Thursday, December 20, 2007

Hoppin' Holiday Season In the Village

A flurry of snow and activities has kept us busy this holiday season. Check out some of the highlights. We here at juneautojapan think every blog post should start with an adorable Nova photo.

Christmas in Japan appears to center around the more commercial aspects of the season. I've yet to hear how JC fits into the whole Christmas theme. I for one appreciate the fact that decorations and seasonal songs show up before Thanksgiving. I'm all about extending the holidays for as long as possible. Fa-la-la-la-, la-la-la-LAAAA!!!!
Hot chocolate after the following snow man making extravaganza. Super-fine powder snow, great for walking and skiing in, not so great for snowperson making.
Did you know that in Japan "yukidaruma" consist of two body segments, not three like their shapely western cousins?
Mount Fuji with personality.
Shawn wins first prize for "genki-ness" during the cotton ball on a spoon relay race.
Just after I took this Ruyua broke into tears over his white elephant gift..... he was one pass away from getting the dino jigsaw puzzle and ended up with this Santa headband instead. Oh, the devastation in those eyes!
The elementary school puts kids into table groups which consist of members from all grade levels. Table group number 4 took the prize for both the Christmas tree treasure hunt and the snowman making contest.....Mister Donut (Japan's Duncan equivalent) for everyone!
The following few shots are of a dinner sponsored by a mothers group. Six of us moms worked in a freezing cold community hall kitchen while the kids played in the heated gym next door. I have to tell you, it warmed my sometimes cynical heart to spend this evening finely chopping, peeling, talking, laughing and listening with these women. This last month I've turned a corner. I feel like I've found more of a niche here socially. As I panko-battered prawns for the deep frier, one woman asked in Japanese if there were things about living here that "gave me anxiety". I thought about shining it on and saying no, but just the fact that she was comfortable enough to ask was a huge step. So I answered honestly and gave her a couple examples. It was a great evening.Super cute bunny-family apple slices. Like origami, I think making charming animal shapes with food must be a pre-requisite for motherhood in Japan. Nova and our table mates picked from these platters with chocksticks until we were stuffed......cabbage salad, whole marinated hard boiled eggs, panko prawns, chicken, and more. For dessert, strawberry short cake. Heavy whipping cream can't be found locally though we're surrounded by dairy farms. A liter of cream has to be ordered via Internet and costs 1200 yen, nearly $12!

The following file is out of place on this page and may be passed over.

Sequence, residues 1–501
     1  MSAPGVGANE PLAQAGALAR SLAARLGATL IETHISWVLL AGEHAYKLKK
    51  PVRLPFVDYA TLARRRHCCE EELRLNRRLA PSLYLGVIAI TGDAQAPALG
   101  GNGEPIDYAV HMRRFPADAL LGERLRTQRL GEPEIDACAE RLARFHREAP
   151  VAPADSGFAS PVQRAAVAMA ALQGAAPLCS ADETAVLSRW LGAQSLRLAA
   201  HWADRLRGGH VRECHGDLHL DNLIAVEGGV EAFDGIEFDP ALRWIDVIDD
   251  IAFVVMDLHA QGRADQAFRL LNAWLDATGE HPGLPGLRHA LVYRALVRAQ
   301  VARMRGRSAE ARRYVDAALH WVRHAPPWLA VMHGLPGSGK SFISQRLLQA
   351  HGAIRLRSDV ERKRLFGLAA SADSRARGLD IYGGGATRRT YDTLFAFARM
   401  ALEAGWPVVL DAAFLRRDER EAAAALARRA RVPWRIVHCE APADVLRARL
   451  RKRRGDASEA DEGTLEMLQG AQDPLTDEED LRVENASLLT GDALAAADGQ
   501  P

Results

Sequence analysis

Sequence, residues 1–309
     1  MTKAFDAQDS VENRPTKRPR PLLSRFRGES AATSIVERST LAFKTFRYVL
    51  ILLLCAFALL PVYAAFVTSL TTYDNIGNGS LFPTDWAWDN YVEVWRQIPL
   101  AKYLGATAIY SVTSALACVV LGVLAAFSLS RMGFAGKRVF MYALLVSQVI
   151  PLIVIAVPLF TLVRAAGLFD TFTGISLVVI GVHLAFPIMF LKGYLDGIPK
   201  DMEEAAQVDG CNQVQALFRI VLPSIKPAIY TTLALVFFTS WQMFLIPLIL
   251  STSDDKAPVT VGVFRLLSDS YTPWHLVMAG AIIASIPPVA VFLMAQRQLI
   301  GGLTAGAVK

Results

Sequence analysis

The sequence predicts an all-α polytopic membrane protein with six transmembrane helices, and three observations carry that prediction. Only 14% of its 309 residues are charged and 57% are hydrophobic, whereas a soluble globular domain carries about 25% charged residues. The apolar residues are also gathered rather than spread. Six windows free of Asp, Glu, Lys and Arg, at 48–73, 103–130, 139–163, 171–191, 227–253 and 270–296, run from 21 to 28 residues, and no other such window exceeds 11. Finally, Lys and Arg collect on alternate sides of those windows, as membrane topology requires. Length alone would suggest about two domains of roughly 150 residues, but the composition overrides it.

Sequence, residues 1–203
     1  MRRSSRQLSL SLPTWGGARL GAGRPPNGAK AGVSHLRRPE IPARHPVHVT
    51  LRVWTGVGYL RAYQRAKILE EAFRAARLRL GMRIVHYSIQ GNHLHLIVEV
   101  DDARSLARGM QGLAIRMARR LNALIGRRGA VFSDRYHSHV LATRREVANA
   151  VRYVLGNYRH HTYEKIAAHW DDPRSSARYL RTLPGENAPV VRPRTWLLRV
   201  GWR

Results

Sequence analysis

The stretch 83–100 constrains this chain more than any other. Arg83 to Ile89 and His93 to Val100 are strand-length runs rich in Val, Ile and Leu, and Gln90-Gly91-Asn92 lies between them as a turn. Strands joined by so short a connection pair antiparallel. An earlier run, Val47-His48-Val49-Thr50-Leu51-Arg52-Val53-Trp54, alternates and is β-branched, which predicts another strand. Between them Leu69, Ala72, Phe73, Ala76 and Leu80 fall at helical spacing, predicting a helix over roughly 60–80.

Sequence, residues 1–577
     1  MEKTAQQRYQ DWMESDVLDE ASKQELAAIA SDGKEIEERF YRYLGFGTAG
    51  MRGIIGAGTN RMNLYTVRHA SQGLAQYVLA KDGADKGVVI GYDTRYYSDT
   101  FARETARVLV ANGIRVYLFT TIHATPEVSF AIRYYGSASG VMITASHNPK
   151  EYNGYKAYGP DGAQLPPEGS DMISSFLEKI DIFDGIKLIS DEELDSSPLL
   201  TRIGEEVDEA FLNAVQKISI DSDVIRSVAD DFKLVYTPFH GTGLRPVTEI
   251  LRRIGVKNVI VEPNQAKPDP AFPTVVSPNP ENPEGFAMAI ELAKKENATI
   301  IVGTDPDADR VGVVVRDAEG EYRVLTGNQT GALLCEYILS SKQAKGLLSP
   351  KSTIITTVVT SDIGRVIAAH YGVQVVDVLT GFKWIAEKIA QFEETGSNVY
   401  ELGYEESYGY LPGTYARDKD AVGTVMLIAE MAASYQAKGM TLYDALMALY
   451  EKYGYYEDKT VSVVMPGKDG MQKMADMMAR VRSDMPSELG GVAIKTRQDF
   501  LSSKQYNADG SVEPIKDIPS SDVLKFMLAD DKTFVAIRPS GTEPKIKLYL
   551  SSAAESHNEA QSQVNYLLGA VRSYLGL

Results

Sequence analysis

I wish so much this would have turned out less blurry.... this woman patiently showed me how to cut mini hot dogs so that when you throw them into a pan of oil they spring into adorable octopus, squid and crab shapes. I was so amazed with this.... I think they thought I was crazy for making such a big deal about it but come on.... that's just too fun!
Shawn, I mean Santa-sensei, made an appearance at the Komu to pass out goodies and do a photo shoot during his pre-Christmas promotional tour. FYI: Christmas is NOT one of Shawn's favorite holidays, which made this an even more special event. :)